An overnight retreat
In keeping with themes of flowers and eco-friendliness, Waterfall Gardens is a self-catering inn set on five acres of organic gardens, woodlands, and spring-fed ponds. After encountering a deer on my way up the driveway, I entered my Waterfall Suite. This 557-square-foot room comes with a sitting area and panoramic windows, a cushy Beautyrest queen bed, and a large bathroom with a shower and a Jacuzzi. I stayed two nights at a rate of $149 per night for two ($164.80 including tax).
Breakfast is not included, so I picked up some bread, cheese, and Washington-grown fruits for around $12, which I enjoyed on my private patio while listening to the nearby waterfall and trickling stream. For a truly local experience you can find these food items at the Bainbridge Island Farmer’s Market on Saturdays.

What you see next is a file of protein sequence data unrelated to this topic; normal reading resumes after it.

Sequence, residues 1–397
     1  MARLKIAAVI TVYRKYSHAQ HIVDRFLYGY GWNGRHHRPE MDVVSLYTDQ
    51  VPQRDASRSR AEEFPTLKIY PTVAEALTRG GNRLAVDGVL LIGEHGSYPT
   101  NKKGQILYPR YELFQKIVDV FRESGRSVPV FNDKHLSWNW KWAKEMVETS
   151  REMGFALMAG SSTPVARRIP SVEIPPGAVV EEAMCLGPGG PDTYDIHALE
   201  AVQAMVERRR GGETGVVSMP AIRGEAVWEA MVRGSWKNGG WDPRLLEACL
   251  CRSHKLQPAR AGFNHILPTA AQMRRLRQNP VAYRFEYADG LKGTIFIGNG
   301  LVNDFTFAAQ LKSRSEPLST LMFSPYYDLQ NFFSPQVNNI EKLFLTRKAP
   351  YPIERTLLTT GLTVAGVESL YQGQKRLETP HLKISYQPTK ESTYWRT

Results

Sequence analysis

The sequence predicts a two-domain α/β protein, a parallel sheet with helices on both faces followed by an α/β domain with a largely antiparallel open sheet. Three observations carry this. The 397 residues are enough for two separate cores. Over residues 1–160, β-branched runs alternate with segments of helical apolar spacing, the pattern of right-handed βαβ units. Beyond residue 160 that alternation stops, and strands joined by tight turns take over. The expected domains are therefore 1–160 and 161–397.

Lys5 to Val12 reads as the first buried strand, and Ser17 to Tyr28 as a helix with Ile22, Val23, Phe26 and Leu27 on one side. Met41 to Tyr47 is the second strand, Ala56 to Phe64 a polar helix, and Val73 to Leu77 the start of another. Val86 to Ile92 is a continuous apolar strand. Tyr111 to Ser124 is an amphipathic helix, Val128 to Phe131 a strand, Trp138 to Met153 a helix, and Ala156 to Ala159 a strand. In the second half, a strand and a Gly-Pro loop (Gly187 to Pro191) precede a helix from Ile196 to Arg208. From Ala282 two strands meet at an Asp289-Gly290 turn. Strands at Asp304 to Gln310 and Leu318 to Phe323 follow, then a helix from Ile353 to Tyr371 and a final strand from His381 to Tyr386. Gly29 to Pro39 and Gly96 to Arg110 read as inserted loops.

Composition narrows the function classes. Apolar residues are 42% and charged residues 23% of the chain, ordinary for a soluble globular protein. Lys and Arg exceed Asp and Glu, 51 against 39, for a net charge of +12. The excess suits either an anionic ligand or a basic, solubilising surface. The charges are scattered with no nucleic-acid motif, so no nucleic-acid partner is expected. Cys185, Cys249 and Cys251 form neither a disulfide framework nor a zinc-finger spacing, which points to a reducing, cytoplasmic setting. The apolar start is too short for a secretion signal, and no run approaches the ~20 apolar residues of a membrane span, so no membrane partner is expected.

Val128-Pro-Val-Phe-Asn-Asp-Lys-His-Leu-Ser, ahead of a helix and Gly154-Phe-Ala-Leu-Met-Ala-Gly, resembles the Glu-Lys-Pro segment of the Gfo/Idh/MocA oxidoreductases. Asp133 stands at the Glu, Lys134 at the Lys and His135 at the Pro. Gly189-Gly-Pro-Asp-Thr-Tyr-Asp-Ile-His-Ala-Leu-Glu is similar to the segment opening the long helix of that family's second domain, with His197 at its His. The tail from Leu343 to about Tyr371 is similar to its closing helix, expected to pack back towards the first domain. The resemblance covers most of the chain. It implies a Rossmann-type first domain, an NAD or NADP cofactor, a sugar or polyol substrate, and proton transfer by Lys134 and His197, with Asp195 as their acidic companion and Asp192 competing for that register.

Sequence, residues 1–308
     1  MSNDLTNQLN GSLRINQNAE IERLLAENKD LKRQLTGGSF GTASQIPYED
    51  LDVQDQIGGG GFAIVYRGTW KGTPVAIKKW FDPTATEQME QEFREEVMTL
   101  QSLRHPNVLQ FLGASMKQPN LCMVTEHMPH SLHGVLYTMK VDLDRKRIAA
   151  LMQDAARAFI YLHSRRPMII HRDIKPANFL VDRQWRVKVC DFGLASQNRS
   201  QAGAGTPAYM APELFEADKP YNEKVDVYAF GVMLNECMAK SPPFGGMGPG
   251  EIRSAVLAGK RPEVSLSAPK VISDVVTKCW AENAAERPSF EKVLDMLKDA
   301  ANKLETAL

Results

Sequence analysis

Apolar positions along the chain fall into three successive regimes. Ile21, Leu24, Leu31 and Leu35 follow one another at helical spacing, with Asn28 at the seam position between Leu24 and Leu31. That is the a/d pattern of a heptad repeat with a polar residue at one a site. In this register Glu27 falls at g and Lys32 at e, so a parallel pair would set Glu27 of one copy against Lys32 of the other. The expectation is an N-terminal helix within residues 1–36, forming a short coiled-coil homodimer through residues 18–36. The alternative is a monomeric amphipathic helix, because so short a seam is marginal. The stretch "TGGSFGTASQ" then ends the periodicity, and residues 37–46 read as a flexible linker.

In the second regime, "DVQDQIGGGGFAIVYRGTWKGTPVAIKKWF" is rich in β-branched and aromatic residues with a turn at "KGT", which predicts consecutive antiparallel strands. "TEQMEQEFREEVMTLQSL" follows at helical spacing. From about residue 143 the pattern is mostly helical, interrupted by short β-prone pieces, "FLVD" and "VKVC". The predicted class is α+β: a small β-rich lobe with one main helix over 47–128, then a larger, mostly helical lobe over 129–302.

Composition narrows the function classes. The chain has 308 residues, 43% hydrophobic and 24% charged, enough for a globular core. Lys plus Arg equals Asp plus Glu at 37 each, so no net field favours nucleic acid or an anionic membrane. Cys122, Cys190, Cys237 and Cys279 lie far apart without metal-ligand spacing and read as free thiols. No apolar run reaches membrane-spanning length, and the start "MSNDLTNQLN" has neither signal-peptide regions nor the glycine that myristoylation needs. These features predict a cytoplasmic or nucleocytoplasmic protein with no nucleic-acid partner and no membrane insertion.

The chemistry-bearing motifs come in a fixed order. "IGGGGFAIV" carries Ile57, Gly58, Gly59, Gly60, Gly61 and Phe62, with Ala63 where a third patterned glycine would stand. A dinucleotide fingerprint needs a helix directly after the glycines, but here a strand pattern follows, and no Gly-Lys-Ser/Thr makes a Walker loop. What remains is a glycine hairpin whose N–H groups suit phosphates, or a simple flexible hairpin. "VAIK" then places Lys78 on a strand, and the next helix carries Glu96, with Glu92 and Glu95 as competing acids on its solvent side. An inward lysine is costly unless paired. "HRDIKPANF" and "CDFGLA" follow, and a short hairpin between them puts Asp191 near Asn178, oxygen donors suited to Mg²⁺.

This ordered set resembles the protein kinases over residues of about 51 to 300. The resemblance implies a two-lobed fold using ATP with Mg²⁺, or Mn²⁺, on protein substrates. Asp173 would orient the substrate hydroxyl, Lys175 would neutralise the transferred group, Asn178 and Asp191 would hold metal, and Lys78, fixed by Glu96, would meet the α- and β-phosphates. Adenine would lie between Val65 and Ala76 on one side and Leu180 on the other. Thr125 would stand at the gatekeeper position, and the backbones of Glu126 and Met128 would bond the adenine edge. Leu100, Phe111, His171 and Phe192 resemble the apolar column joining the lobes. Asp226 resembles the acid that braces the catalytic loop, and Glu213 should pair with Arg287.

Spending the days
If you just want a home away from home, the hiking trails, putt-putt course, and scenery at Waterfall Gardens will keep you occupied for days. Plus, for $25, you can set up a campfire in the woods and create a true hideout. Nonetheless, there are plenty of other ways to commune with the local flora and fauna just a short drive away.
Bloedel Reserve, a wildlife sanctuary and former residential estate, sits on 150 acres, about 84 of which are second-growth forest of mostly Northwest evergreens. The rest showcases natural and man-made landscapes featuring native plants, as well as Japanese, reflection, and moss gardens. During tranquil walks in the gardens and woods, you’re likely to spot ducks, swans, great blue herons, and kingfishers, as well as a host of mammals. Plan your visit in advance, as Bloedel requires reservations and limits hourly attendance to “ensure that every visitor has an uncrowded experience.” Admission costs $10.